Akira Minazuki, June, 2011
“Can a buttoned-up professional hope to fend off a rogue romantic’s aggressive advances … or is the heat of playful passion too enticing to ignore?” I briefly pondered this breathless question, posed by the back cover, but was almost instantly drawn into an even deeper, more important question – to wit, why can’t I have purple hair too?
The back cover also promises that the book “features a feast of beautiful men fumbling and fighting as they do their best to resist true love!” I think the copywriter did an especially good job here. And how often do you think about the work of the copywriter? Books are often purchased or not based on the back or inside front cover, but does anyone ever pause to congratulate the nameless publishing wage slave on a job well done? No, they do not. (Not that I take this personally or anything.) Ahem. That minor distraction over, let us “sink [our] teeth into sweet, savory temptation!”
The first story, “We’re Eating In Today,” is the sort of thing I often find annoying, the “lower-level employee comes on too strong but eventually seduces senior employee anyway” trope. It loses some of its punch in the U.S., I think, since we don’t get exercised about organizational hierarchy in the same way. It makes the scenario less shocking. I also tend to find annoying behavior annoying. It helps that the junior employee, the manager of a chain restaurant – let’s call him Ted (his name is Iwakiri, but I can’t keep that in my head because I suck) – is really pretty sweet, despite proposing the moment he meets Norton (that’s Matsumoto, who is higher up on the corporate food chain because he’s from the parent company’s planning department) (if Iwakiri gets a random new name, it’s only fair that Matsumoto does, too). So, the insta-proposal thing is irritating, yes, along with the unsolicited ass grabbing, etc. It’s supposed to be funny and cute, and it isn’t, BUT.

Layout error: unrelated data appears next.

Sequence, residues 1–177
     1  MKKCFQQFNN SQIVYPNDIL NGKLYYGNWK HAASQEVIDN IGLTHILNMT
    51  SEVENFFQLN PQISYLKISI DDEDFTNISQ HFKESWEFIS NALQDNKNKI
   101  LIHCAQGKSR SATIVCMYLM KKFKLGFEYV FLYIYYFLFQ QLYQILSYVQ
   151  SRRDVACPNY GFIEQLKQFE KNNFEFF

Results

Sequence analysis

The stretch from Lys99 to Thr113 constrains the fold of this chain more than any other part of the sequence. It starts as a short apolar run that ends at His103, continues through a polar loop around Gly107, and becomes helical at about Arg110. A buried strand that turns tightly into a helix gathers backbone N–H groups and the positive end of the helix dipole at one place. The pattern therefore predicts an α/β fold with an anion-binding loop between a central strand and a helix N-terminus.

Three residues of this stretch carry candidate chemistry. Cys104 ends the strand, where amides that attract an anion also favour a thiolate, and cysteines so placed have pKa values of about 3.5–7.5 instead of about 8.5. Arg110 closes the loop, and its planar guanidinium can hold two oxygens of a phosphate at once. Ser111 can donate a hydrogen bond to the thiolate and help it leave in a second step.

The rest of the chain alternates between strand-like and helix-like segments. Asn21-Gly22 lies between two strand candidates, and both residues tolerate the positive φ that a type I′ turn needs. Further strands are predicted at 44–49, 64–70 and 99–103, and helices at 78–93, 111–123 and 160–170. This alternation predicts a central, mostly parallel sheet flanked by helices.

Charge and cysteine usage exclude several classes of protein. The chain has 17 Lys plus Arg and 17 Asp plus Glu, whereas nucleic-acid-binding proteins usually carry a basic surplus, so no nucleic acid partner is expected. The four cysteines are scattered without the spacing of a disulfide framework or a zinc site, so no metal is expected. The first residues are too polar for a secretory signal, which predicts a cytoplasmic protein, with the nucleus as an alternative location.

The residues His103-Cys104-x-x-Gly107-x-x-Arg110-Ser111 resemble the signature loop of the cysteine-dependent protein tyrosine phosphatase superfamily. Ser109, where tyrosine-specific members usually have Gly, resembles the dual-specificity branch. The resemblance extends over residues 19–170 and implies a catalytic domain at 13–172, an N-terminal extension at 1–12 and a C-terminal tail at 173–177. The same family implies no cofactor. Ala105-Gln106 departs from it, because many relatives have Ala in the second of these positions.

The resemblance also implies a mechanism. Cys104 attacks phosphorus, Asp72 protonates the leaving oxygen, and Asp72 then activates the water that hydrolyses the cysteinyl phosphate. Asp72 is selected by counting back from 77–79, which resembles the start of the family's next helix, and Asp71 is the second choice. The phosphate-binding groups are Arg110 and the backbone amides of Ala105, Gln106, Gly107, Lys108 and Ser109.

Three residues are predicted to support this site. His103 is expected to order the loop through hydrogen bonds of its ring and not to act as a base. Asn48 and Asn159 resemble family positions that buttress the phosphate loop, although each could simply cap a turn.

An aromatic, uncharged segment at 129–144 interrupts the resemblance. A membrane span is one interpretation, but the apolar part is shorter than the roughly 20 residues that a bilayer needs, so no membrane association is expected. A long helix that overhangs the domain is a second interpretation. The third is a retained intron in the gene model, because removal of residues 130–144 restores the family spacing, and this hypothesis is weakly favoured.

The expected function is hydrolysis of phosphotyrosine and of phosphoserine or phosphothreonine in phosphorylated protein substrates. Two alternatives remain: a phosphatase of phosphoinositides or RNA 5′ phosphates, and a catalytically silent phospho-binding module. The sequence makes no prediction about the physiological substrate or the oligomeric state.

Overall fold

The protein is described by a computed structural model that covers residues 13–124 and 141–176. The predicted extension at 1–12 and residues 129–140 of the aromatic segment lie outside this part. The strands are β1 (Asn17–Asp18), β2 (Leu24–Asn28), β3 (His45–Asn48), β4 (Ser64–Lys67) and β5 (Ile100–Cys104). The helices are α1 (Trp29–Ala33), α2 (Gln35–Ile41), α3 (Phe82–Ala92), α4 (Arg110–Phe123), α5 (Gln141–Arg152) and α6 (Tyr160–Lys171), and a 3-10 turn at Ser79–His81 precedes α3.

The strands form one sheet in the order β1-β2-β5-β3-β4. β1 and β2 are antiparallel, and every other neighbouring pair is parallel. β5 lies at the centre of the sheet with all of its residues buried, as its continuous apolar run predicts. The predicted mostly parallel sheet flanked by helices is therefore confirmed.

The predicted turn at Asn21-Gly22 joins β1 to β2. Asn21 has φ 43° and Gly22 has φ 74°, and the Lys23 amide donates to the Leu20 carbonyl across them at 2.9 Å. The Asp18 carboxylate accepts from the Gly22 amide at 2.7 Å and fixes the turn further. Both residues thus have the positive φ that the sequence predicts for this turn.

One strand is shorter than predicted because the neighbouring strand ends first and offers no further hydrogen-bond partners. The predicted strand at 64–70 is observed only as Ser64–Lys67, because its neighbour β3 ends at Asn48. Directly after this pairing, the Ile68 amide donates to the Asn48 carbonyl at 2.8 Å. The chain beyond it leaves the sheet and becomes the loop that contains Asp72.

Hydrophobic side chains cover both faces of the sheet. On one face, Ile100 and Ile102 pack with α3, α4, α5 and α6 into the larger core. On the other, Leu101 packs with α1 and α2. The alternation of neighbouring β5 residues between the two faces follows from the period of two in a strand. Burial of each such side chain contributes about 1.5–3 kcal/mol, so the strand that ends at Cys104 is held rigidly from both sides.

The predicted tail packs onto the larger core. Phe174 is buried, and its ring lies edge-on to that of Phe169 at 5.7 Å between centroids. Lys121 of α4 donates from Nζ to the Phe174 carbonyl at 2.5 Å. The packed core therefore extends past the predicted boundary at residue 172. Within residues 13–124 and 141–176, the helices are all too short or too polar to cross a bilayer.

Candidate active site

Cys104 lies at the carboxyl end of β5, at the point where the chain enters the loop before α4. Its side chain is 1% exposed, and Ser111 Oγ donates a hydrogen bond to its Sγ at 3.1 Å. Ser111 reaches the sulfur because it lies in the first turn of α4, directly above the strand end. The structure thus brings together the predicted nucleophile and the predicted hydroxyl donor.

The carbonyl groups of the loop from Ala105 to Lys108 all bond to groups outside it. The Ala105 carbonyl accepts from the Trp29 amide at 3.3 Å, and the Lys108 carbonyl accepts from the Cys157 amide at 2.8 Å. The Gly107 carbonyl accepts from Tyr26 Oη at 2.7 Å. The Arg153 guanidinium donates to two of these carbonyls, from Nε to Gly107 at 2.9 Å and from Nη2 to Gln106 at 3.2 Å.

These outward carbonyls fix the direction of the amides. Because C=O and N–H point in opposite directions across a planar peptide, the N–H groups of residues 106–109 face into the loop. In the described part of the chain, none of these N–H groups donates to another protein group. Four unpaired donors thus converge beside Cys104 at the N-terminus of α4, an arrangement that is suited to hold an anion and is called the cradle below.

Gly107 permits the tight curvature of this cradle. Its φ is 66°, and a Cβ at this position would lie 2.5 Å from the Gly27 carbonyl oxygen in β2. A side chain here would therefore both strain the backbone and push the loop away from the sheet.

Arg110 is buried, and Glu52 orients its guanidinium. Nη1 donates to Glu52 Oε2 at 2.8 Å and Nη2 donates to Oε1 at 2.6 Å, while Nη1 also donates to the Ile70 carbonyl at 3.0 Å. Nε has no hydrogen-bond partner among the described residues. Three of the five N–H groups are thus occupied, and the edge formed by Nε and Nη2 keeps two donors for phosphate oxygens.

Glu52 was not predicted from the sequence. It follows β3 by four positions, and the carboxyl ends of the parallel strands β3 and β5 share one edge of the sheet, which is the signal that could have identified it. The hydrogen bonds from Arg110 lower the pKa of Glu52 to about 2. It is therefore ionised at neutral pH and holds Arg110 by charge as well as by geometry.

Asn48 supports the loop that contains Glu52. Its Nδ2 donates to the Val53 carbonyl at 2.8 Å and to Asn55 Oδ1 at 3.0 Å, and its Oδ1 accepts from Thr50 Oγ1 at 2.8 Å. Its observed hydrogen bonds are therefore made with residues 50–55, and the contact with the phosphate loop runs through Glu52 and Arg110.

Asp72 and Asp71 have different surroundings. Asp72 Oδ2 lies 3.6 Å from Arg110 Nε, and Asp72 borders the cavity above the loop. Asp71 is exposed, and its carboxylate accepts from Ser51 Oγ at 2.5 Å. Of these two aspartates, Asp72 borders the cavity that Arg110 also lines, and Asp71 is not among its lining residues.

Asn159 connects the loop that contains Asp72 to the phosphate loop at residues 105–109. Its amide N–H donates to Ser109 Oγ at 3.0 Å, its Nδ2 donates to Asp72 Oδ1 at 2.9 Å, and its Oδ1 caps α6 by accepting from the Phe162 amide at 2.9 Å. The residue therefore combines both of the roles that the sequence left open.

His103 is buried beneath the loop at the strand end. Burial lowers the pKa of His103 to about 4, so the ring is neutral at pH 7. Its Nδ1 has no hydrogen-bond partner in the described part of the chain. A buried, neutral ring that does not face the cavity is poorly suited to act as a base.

As with so many things in life, you have to try to lighten up and go with these fine yaoi clichés, and if a creator can sell them to me, I’m willing to buy in. This story isn’t exactly substantial, but it has something, and somewhere in there, I started rooting for them to get together. Shy Norton is SO SHY. Sweet, pushy Ted is SO SWEET AND PUSHY. Norton comes to Ted for help with a work problem, and Ted couldn’t be more supportive. And they have sex in a restaurant booth. Using cream for lube. (You have to love that.) Then there’s a complication caused by Norton’s thinking he should never see Ted again (you can sort of see his point), and the complication is resolved, and they have sex. Norton couldn’t look more miserable as he tells Ted he loves him.
I won’t spoil it (although I was recently reading about a study indicating that people actually enjoy stories more after they know what’s going to happen, rather than enjoying them less), but here’s a damned cute little scene at the end, too – more riffing on the shy Norton is shy theme, and it is thoroughly charming.